Build and handling
- Handy Bluetooth, Wi-Fi and OI.Share app
- Well thought out exterior controls
- Advanced/expert features easy to access
The E-PL9 is designed to make the transition from a smartphone as painless as possible and it succeeds remarkably well. The screen is smaller than a smartphone’s but responds in a similar way, though if you want to share your images directly you will need to go through the slightly tricky process of making a Bluetooth and then a Wi-Fi connection. Once you’ve got the hang of that, however, it’s pretty much plain sailing.
The free OI.Share app is rather good. You can use it as a camera remote control, to import, edit and share photos and even geotag them with the phone’s location. There’s a handy Camera How To section with instructional videos and other help.
Transferring and sharing images isn’t completely painless, since many actions require a Wi-Fi connection rather than Bluetooth, so if you use an Apple device you will have to manually select the camera’s Wi-Fi network each time, but that’s a feature of Apple’s operating system and it’s the same for all Wi-Fi enabled cameras, not just the E-PL9.
All this might make it sound as if the E-PL9 is just for Instagramers and bloggers, but this camera’s ‘serious’ controls are never far away, thanks to its big, clear mode dial, quick on-screen settings options activated by the OK button on the back and buttons for focus area selection, EV compensation, flash mode and drive mode. There’s not a lot of spare space for external controls but Olympus has made the best use of it while still keeping the buttons obvious and the labels clear. A couple of buttons on the top feel a little cramped, but overall the controls feel well-designed and well made.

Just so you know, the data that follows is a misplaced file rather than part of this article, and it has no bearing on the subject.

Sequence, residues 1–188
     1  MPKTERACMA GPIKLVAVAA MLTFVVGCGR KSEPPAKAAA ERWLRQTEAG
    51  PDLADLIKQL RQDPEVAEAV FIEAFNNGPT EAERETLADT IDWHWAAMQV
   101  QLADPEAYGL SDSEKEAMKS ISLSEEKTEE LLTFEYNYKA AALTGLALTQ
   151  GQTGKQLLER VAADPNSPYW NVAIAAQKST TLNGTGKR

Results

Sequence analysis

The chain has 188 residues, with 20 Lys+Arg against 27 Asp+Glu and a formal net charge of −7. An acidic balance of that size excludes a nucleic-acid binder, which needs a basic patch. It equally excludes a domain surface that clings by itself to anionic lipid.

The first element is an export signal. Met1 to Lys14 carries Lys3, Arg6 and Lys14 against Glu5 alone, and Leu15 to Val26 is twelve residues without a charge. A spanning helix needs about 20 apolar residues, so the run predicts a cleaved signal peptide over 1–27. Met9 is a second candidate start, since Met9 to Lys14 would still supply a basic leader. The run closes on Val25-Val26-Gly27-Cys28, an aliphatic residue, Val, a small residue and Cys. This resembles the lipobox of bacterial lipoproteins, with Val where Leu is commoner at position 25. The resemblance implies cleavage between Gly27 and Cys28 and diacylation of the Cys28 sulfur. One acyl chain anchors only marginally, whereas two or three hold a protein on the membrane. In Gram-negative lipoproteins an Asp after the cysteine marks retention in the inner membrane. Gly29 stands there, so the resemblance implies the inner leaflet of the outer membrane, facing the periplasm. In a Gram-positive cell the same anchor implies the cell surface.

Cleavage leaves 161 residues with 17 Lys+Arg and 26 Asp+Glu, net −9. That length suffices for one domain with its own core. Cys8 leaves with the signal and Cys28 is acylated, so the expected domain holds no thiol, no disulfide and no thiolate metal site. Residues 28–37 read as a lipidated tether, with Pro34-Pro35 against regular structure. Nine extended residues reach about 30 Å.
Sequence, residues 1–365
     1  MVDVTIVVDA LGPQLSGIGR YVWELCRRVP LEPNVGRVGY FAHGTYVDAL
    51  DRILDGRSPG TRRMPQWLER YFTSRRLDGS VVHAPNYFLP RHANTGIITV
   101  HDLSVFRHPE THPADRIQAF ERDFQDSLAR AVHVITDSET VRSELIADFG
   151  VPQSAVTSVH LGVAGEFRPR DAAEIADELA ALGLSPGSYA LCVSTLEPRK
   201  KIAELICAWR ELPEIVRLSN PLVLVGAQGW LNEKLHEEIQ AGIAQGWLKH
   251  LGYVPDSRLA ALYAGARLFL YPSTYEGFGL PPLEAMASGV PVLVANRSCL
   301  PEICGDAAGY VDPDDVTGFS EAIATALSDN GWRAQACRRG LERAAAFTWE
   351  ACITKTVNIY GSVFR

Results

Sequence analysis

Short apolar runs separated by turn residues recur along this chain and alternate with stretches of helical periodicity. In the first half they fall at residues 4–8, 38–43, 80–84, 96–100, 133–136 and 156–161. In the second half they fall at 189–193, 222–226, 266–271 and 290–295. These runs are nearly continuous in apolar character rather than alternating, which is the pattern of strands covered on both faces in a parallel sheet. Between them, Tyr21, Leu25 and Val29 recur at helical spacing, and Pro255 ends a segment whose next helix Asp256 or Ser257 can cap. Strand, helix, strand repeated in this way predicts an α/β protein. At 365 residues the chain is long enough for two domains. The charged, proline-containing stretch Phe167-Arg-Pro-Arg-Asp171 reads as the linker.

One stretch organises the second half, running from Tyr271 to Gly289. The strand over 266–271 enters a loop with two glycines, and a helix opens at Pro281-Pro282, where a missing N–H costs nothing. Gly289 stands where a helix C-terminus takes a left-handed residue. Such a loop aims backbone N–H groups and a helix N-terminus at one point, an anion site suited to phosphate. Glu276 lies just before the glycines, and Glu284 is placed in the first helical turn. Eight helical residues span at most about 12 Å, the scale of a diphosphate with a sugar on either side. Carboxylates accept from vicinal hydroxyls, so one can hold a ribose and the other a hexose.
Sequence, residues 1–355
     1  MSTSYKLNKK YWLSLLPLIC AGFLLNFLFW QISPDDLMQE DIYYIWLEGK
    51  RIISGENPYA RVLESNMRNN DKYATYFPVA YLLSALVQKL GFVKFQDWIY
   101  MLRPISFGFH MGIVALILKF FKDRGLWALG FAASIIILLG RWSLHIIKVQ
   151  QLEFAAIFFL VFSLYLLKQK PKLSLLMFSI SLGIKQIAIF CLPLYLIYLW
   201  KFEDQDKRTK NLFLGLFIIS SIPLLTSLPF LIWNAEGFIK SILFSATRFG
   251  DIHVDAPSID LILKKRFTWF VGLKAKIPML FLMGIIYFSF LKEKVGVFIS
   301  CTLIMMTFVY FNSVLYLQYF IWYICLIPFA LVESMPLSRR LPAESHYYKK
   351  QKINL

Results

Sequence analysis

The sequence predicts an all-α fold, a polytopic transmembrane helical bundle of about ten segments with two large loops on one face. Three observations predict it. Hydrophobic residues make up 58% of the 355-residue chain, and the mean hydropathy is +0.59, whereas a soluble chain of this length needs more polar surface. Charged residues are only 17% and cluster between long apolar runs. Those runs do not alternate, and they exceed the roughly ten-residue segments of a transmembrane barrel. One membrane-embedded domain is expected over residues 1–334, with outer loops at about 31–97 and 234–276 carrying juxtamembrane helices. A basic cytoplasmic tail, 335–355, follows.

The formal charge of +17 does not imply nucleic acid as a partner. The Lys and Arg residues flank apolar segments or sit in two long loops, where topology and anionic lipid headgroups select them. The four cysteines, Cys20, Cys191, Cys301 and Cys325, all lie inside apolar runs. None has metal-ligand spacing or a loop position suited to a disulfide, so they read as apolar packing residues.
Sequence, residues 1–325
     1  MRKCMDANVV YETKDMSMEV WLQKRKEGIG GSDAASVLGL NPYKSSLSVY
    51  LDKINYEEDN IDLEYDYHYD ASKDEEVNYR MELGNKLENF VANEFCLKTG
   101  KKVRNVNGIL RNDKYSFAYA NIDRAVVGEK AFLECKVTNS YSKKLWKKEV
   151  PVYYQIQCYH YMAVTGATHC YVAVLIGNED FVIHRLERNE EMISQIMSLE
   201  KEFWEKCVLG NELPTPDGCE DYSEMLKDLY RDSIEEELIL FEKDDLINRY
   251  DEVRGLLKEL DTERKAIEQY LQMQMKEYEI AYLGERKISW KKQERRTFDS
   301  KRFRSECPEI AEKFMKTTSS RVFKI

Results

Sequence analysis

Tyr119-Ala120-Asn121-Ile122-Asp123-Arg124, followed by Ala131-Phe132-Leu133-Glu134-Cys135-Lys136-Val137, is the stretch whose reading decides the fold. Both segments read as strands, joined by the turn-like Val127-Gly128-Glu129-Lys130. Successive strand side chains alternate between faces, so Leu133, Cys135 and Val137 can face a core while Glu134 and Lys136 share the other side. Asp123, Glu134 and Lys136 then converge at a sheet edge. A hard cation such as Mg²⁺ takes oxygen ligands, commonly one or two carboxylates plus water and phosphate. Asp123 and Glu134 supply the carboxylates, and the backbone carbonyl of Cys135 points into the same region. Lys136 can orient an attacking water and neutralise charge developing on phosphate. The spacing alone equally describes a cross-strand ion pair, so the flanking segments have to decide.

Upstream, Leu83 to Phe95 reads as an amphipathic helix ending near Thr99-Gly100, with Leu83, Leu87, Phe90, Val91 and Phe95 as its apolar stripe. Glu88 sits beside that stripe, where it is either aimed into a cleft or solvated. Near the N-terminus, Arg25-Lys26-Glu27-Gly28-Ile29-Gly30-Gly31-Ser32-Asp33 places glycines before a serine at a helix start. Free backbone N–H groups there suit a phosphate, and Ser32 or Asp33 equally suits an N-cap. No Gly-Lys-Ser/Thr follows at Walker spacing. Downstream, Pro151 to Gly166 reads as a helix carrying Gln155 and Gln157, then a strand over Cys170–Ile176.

The touchscreen interface is very responsive, though a couple of the tap icons are quite small so you’ll need a good aim and a reasonably pointy finger to hit them reliably. It’s also a little too easy to activate options unintentionally – a potential pitfall with all touchscreens. We spent several minutes wandering about with the 2x digital zoom activated without realising it – and wondering why the 14-42mm EZ kit lens didn’t seem as ‘wide’ as we remembered it.
Actually, this lens is one of Olympus’s secret weapons. It gives you a very serviceable 28-84mm equivalent zoom range, but when it’s powered down it’s no bigger than a pancake prime lens, so the camera can easily pack away into a bag. The zoom action is electric rather than mechanical, so slightly slower to use as a result, but it focuses quickly and quietly, which is just what you need for grab shots and video.
- Contrast AF only but still very fast
- 121 AF points covering large area
- Smooth and silent continuous AF while filming
While most mirrorless camera makers have swapped to hybrid on-sensor phase detection autofocus systems for faster focusing speeds (Olympus too, on more advanced models), the E-PL9 uses a theoretically slower contrast autofocus system. We say ‘theoretically’ slower, because on this camera the static autofocus speeds are very fast indeed.
This may be helped by the smaller Micro Four Thirds sensor, which is about half the area of the APS-C sensors used in some rival cameras. Panasonic also uses the smaller Micro Four Thirds sensor and has its own highly effective contrast based autofocus system.
You have a choice of automatic area AF selection where you let the camera decide what to focus on, single point AF where you tap on the screen to set the focus point position, and a 9-point ‘zone’ mode where you select a larger area and the camera picks the focus target within that. It’s all very simple and straightforward.